Dogface, a bit of a hidden Swedish gem not known to the masses, is a rock band that combines bluesy 1970s hard rock (think Deep Purple, Thin Lizzy, Whitesnake, Rainbow) with the Swedish melodic hard rock of the 1980s. They top it all off with the terrific vocals of Mats Levén. The end result – great rock with some rather tasty Hammond organs among all the guitars – is great. Dogface was founded by Martin Kronlund in the late 1990s and they have released three studio albums since then. “From the End to the Beginning” is a 15-track compilation album meant to showcase the best of Dogface while at the same time mark the end of the band’s career as they have decided to call it quits. As many of you know, Mats Levén has some serious pedigree from acts such as Swedish Erotica, Treat, Candlemass, Krux, Yngwie Malmsteen, Trans-Siberian Orchestra and much more. His pipes are great at handling both the more British-style bluesy hard rock and the Swedish 80s melodic hard rock. The album’s full of songs where Levén gets to shine. “A Single Reason” is a very catchy song that puts Levén’s voice at the centre. It’s fantastic and very radio friendly. “Don’t” is another track that sounds like a radio hit. “I Will Be There” and “Alone Again” have plenty of Whitesnake echoes and so does quite a few of the songs on this album. But there’s some good variation here as well. ”Footsteps on the Moon” reminds me of some of the work Levén did with doom masters Candlemass. One of the best songs is “You’re Taking Me Down”, which was the first-ever song Levén recorded with the band. There seems to have been immediate personal and musical chemistry when Levén walked into the studio. Dogface never made it to the level of success the band members’ skills deserved. But if you are discovering this band now, at least here is a great collection of quality rock songs for you.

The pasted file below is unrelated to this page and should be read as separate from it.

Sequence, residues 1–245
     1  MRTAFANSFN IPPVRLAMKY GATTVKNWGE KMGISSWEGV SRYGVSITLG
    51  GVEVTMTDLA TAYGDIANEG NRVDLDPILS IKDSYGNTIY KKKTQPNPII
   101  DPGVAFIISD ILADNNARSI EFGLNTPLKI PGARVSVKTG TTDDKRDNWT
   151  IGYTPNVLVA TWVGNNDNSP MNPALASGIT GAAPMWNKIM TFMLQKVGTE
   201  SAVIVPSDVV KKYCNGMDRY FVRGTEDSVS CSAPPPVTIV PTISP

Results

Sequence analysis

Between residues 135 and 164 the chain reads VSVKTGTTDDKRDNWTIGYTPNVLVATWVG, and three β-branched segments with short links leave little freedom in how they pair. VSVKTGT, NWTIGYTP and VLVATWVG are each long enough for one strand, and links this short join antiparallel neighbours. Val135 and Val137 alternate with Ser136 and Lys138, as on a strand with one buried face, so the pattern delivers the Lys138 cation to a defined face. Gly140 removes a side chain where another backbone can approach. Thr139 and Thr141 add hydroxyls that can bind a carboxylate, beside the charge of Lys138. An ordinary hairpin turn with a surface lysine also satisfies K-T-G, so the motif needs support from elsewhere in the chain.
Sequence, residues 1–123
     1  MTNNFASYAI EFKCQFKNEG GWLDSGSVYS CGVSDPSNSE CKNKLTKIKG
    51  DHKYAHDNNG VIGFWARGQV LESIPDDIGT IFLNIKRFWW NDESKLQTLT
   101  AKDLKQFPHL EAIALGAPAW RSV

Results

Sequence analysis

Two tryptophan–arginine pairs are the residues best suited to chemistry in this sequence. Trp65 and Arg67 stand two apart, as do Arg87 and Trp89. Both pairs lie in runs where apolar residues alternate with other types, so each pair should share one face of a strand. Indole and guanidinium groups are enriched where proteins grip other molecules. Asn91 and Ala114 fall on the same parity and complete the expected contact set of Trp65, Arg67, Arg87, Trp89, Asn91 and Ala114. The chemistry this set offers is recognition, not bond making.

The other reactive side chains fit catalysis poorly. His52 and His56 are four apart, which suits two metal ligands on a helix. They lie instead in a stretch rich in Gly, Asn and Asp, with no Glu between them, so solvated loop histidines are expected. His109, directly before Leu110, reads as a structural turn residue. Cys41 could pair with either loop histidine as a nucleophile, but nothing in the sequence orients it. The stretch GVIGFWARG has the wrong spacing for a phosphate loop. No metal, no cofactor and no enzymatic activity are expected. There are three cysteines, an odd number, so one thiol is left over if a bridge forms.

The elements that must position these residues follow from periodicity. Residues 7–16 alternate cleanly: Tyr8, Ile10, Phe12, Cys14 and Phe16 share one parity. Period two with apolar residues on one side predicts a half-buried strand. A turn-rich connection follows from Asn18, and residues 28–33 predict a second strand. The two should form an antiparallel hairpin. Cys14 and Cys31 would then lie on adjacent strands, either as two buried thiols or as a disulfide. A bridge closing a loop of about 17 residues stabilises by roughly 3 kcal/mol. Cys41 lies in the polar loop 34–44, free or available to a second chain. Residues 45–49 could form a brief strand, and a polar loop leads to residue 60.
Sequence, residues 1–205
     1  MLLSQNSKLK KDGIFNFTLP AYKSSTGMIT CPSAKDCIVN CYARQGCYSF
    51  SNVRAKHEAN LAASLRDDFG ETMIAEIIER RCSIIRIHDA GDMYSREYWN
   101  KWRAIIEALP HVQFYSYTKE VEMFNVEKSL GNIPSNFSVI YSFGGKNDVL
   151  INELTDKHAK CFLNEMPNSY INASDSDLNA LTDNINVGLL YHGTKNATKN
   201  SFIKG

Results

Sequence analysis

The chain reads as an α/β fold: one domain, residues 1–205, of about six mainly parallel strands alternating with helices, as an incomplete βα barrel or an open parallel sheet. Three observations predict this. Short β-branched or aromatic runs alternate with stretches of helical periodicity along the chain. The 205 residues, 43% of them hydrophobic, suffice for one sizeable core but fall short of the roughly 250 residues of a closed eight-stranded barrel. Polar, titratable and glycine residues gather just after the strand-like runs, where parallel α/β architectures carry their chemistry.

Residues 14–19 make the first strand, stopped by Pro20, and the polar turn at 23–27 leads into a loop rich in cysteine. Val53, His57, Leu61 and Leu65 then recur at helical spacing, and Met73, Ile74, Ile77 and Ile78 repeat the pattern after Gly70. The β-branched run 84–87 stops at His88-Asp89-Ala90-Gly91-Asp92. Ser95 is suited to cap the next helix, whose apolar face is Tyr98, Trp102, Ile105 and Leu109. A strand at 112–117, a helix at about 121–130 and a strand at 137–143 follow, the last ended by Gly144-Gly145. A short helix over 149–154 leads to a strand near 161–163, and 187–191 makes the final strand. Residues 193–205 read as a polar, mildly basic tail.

Dogface’s album “From the End to the Beginning” is out today via ScandiRock Records.

Album review: Extrema “Headbanging Forever”

Extrema. Photo: Annalisa Russo

By Stefan Nilsson, Roppongi Rocks

Italian thrash metal band Extrema returns with a new singer and a hard-hitting new album.